The Hon'ble Supreme Court further held that the word "misconduct" though not capable of precise definition, on reflection receives its connotation from the context, the delinquency in its performance and its effect on the discipline and the nature of the duty. It may involve moral turpitude, it must be improper or wrong behaviour; unlawful behaviour, willful in character; forbidden act, a transgression of established and definite rule of action or code of conduct but not mere error of judgment, carelessness or negligence in performance of the duty; the act complained of bears forbidden quality or character.
In Government of Tamil Nadu Vs. K.N. Ramamurthy, AIR 1997 SC 3571, the Hon'ble Supreme Court held that exercise of judicial or quasi judicial power negligently having adverse affect on the party or the State certainly amounts to misconduct.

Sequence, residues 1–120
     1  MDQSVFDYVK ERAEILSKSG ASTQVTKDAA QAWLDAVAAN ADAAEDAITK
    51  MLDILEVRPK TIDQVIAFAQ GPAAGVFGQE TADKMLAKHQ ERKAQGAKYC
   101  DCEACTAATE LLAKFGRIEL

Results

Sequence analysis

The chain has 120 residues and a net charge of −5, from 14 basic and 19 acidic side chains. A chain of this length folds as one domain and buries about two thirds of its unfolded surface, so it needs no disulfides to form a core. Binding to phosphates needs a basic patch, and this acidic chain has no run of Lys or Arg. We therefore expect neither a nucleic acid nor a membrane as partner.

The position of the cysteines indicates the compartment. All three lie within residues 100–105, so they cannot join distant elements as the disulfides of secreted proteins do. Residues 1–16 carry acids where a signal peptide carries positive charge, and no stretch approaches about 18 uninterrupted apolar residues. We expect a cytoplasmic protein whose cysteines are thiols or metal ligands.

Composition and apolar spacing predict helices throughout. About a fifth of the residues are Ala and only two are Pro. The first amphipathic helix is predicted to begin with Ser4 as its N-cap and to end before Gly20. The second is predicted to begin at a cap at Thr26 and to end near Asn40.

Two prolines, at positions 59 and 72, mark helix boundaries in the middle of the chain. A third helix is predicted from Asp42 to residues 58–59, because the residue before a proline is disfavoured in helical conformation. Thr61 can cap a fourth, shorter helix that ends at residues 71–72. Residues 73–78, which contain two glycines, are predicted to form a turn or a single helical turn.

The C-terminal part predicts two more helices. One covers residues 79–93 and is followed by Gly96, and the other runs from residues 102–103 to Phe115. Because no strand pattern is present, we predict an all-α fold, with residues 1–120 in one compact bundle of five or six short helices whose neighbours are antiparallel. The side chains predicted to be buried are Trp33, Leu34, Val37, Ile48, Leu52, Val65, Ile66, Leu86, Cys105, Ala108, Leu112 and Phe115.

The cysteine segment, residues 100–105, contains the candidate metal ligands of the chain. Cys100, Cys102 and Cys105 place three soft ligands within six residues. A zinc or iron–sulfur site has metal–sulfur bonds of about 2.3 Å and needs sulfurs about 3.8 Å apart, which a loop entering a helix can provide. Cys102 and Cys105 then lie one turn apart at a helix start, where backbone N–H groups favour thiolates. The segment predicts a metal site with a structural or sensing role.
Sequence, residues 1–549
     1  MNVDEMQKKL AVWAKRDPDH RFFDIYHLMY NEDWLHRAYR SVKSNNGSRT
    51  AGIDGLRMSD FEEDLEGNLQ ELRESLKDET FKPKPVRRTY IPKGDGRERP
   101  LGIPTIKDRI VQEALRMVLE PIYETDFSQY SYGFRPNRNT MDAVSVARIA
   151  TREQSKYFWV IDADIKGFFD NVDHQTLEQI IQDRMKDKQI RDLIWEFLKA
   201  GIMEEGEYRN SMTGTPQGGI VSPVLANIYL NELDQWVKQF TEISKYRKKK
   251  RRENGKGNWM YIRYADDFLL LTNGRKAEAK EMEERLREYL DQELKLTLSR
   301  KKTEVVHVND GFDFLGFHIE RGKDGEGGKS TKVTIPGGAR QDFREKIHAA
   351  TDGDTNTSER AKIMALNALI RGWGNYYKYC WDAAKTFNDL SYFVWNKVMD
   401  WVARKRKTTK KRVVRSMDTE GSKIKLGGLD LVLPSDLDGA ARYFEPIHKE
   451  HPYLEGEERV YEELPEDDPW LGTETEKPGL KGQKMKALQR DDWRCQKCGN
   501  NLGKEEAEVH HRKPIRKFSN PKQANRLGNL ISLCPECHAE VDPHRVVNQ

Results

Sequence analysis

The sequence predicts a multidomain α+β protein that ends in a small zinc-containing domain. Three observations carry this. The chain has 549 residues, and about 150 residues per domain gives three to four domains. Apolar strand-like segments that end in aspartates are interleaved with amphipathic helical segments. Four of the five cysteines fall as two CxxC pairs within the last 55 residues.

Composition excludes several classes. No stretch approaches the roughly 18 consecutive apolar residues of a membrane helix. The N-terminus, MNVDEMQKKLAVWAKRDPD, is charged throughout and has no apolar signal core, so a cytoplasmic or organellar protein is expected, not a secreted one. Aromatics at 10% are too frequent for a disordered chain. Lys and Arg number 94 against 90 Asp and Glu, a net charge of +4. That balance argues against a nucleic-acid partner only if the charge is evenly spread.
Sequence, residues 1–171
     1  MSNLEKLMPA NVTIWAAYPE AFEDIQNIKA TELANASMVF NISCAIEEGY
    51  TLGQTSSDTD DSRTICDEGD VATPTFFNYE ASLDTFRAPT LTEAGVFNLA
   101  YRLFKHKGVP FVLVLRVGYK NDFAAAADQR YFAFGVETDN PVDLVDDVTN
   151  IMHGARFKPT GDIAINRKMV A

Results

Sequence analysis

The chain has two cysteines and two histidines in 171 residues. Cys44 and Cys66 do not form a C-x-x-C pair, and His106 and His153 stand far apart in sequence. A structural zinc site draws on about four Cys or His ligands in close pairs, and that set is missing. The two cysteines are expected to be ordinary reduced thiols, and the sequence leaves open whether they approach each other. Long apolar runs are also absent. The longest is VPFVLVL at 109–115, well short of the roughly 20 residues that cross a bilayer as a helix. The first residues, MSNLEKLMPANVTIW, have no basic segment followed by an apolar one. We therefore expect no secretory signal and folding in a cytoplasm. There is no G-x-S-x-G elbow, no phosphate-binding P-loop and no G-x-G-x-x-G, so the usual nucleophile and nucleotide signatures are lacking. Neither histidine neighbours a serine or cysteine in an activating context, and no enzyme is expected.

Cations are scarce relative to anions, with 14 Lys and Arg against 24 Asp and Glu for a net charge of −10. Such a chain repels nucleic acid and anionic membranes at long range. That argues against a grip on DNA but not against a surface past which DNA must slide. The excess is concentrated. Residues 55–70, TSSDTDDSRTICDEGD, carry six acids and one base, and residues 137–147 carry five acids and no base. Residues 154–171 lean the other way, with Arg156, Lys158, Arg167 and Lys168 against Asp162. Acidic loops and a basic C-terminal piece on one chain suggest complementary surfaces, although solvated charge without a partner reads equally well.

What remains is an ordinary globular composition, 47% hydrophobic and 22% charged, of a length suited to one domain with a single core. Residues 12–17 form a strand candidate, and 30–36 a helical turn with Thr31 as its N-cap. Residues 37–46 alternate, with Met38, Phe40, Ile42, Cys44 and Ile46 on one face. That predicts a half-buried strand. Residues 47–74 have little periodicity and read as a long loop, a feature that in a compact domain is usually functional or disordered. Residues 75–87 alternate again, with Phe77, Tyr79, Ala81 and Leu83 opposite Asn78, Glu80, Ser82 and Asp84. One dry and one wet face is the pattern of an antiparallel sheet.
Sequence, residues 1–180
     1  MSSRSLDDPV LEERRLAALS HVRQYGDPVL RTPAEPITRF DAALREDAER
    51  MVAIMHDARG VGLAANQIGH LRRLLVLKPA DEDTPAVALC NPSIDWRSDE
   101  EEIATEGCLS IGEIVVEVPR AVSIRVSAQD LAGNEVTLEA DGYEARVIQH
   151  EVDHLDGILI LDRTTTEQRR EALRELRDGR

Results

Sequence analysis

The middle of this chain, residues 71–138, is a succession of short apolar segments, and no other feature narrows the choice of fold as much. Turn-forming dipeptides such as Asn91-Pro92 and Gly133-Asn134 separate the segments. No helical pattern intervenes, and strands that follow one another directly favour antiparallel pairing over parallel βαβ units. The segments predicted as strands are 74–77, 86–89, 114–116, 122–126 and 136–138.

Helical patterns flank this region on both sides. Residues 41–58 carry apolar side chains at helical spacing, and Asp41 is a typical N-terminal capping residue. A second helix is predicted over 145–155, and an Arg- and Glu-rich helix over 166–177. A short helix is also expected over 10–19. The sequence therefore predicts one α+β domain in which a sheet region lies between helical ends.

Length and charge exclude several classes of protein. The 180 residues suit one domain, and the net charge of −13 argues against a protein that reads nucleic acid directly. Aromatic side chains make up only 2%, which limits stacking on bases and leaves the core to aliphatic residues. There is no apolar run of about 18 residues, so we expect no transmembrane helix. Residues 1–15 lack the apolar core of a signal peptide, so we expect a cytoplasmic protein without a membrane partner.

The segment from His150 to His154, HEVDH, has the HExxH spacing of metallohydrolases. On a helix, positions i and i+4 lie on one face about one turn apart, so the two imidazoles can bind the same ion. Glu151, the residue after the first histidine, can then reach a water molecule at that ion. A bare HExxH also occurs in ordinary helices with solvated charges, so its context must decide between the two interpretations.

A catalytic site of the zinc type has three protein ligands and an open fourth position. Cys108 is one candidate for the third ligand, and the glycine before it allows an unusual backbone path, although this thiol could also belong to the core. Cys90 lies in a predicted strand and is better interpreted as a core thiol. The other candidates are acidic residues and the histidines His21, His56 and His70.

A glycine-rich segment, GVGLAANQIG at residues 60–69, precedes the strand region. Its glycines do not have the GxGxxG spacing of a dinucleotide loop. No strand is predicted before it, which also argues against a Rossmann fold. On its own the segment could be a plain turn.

In M.H. Devendrappa Vs. Karnataka State Small Industries Development Corporation, AIR 1998 SC 1064, the Hon'ble Supreme Court has ruled that any action of an employee which is detrimental to the prestige of the institution or employment, would amount to misconduct.
In Union Bank of India Vs., Vishwa Mohan, (1998) 4 SCC 310, the Hon'ble Supreme Court held that misconduct includes not working with diligence by an employee.
In State Bank of India Vs. T.J. Paul, AIR 1999 SC 1994, the Supreme Court held that even in a case where the allegations of mala fide and corrupt practice have neither been alleged nor revealed while issuing the charge - sheet, the delinquent employee may be held guilty of misconduct, in case the officer acts without restraints jeopardising the interest and rights of other party. The said case was for granting the bank loan negligently and the bank suffered serious loss. The Apex Court held that it may not be a case of insubordination or disobedience of specific order of any superior officer, if the act is prejudicial to the interest of the bank or gross negligence or negligence involved or likely to involve the bank in serious loss, would amount to misconduct. In other words, if negligence of an officer seriously affects and prejudices the rights of the party, it definitely amounts to misconduct.